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Ken Russell's ABC of British Music (1988)


Warning: screenonline full synopses contain 'spoilers' which give away key plot points. Don't read on if you don't want to know the ending!

Ken Russell personally introduces his alphabetical journey through British music.

A is for Thomas Arne, whose 'Rule Britannia' is associated with the Albert Hall. B is for Benjamin Britten and the Beatles, leading ambassadors for British music. C is for Conductors, and ten British music specialists are Malcolm Sargent, David Measham, Edward Downes, Charles Groves, Bryden Thompson, Simon Rattle, Thomas Beecham, John Barbirolli, Adrian Boult and Vernon Handley - plus Proms founder Henry J Wood. C is also for Noël Coward, who warned Mrs Worthington about putting her daughter on the stage.

D is for Delius (a scene from Russell's Song of Summer), Dancing, Peter Maxwell Davies and Dame Janet Baker. E is for Elgar, and Russell explains that a television appeal to restore the dilapidated house of Britain's greatest composer raised just fifteen pounds - not enough for an Elton John ticket.

F is for Film Music. Arthur Bliss wrote Things to Come in 1936, and Thomas Dolby scored Russell's Gothic half a century later. F is also for Festivals, which Russell dismisses as local ego-boosts - but he likes choral societies, and cites favourite English choral works: The Black Knight (Elgar), A Mass of Life (Delius), The Hymn of Jesus (Holst), Hiawatha's Wedding Feast (Coleridge-Taylor), And Shall We Die (Michael Berkeley), Five Tudor Portraits (Vaughan Williams), The Whale (Tavener), Requiem (Lloyd Webber), The Dream of Gerontius (Elgar) and Belshazzar's Feast (Walton).

G is for Girls, often soloists but rarely composers, though Ethel Smyth, Elizabeth Maconchy and Kate Bush are exceptions. H is for The Planets composer Gustav Holst, and Heavy Metal. I is for Ireland, with The Pogues' The Gentleman Soldier accompanying a dalliance in a sentry box. J is for Jazz, and the all-woman combo The Fairer Sax play In the Fast Lane.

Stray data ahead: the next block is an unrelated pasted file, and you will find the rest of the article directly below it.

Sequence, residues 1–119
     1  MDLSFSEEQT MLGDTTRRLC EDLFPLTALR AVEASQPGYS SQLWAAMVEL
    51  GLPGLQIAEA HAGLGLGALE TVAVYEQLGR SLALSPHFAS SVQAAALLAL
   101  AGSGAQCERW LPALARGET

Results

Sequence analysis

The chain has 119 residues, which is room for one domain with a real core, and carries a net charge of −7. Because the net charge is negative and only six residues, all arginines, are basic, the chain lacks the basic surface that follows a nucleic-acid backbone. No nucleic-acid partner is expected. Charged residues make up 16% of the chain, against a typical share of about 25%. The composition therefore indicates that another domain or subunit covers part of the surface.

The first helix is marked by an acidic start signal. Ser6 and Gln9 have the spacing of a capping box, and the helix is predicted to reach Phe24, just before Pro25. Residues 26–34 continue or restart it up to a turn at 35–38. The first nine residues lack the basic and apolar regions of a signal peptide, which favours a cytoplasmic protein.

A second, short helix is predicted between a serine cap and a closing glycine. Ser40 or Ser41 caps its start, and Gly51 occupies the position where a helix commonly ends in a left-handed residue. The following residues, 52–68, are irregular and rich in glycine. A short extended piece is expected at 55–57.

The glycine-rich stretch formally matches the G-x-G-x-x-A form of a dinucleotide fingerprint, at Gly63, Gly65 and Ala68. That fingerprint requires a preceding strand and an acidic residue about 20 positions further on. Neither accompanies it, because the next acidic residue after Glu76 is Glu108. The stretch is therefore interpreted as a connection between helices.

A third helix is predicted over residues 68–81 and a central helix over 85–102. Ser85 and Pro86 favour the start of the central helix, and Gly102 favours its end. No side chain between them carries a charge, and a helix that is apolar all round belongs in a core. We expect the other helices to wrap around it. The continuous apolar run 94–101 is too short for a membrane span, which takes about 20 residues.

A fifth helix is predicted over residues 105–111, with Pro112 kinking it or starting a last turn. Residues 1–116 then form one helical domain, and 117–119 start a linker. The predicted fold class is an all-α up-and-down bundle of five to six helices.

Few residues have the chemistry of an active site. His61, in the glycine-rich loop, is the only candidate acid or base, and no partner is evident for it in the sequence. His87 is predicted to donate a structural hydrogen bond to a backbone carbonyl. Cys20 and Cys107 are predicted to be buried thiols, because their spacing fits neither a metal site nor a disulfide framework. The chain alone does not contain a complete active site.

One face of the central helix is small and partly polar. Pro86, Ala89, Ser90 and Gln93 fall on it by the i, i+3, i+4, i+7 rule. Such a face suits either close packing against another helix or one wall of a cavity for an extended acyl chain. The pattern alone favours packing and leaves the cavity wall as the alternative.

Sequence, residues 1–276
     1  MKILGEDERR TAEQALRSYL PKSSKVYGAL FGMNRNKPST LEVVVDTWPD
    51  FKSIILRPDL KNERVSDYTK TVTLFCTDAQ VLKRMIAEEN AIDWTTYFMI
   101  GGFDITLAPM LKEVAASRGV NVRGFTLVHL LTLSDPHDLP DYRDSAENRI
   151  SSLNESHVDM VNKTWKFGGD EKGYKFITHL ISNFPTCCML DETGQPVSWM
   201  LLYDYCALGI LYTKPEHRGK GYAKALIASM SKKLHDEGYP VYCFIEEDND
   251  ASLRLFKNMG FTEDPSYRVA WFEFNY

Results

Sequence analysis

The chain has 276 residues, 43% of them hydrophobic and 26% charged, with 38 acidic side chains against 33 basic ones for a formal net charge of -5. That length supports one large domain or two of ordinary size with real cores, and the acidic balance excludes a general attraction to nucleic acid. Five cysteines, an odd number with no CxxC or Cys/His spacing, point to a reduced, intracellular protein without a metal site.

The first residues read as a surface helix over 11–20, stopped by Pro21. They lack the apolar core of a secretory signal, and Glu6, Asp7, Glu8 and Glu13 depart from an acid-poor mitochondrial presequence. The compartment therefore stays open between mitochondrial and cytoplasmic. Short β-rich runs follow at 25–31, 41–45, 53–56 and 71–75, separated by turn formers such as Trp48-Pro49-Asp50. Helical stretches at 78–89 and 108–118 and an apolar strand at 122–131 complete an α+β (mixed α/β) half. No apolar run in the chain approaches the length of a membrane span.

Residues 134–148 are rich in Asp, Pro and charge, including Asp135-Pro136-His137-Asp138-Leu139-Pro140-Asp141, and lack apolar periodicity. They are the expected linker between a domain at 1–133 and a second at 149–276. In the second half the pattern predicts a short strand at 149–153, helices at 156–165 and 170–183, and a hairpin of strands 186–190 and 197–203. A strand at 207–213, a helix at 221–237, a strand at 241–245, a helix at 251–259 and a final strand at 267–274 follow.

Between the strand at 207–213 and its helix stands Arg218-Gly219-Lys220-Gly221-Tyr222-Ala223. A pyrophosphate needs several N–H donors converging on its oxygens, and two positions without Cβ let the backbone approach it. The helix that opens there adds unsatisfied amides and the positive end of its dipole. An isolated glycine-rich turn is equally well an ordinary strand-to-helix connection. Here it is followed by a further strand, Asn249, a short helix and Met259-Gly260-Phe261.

K is for Ketelbey and Kitsch, with a flying carpet bearing Russell to exotic lands evoked by Ketelbey's music. L is for Lloyd Webber: Andrew, Julian and their father William, whose In the Halflight is performed. M is for Modern, and Russell claims that the music of Cornelius Cardew, Giles Swain, Brian Eno and Gavin Bryars has been modern for some time.

N is for Neglect, highlighting Arnold Bax, Alan Rawsthorne, Frank Bridge, George Butterworth, E.J.Moeran, Granville Bantock, Lord Berners, Gerald Finzi, Eugene Goossens, Patrick Hadley, Joseph Holbrooke, Herbert Howells, George Lloyd, Edmund Rubbra, Cyril Scott, John Ireland. Russell also salutes Richard Itter, founder of the Lyrita record label, which keeps many of these names alive.

O is for Opera, but there's not much British opera. Russell uses Tippett's Midsummer Marriage to explain why, but cites Walton's Troilus and Cressida as an (often) unsung masterpiece. O is also for Ornithology, as British music is full of bird references. P is for Piano, Punk and Purcell. Pianist Eric Parkin performs music by "English Gershwin" Billy Mayerl. A punk applies make-up to Purcell's 'Oh Pretty Youth'. Q and R are for Queen (both monarch and band) and Rock'n'Roll. Elgar's Nursery Suite was commissioned by George V, while the 1981 Royal Wedding is played alongside Bryan Adams' Diana.

S is for Scotland (a nude sword dancer), Sullivan (scenes from The Mikado intercut with sumo wrestlers) and Soloists, Russell's selection being James Galway, Edith Sitwell, Julian Lloyd Webber, Kathleen Ferrier, Julian Bream, Yehudi Menuhin, Eric Parkin, Jacqueline Du Pré, Thea King and Nigel Kennedy. T is for Tippett, illustrated by his Concerto for Double String Orchestra. U is for Urgh! Critics and Underrated: Havergal Brian wrote an enormous amount of music, but died in a council flat.

V is for Vaughan Williams and Video. Iona Brown plays The Lark Ascending while Elton John performs in a Russell-directed pop promo. W is for Wales, as Charles' investiture as Prince of Wales alternates with Welsh choirs and another nude dancer. And XYZ are collectively for the Xylophone, Youth and Handel's Zadok the Priest, the latter performed by Evelyn Glennie on the xylophone while young dancers cavort. Reminded that Handel was German, Russell daubs his portrait with the Union Jack.

Russell concludes that while British music is often sidelined, it reigned supreme in the field of pastoral music. To Elgar's Introduction and Allegro, a car drives rapidly through the English countryside.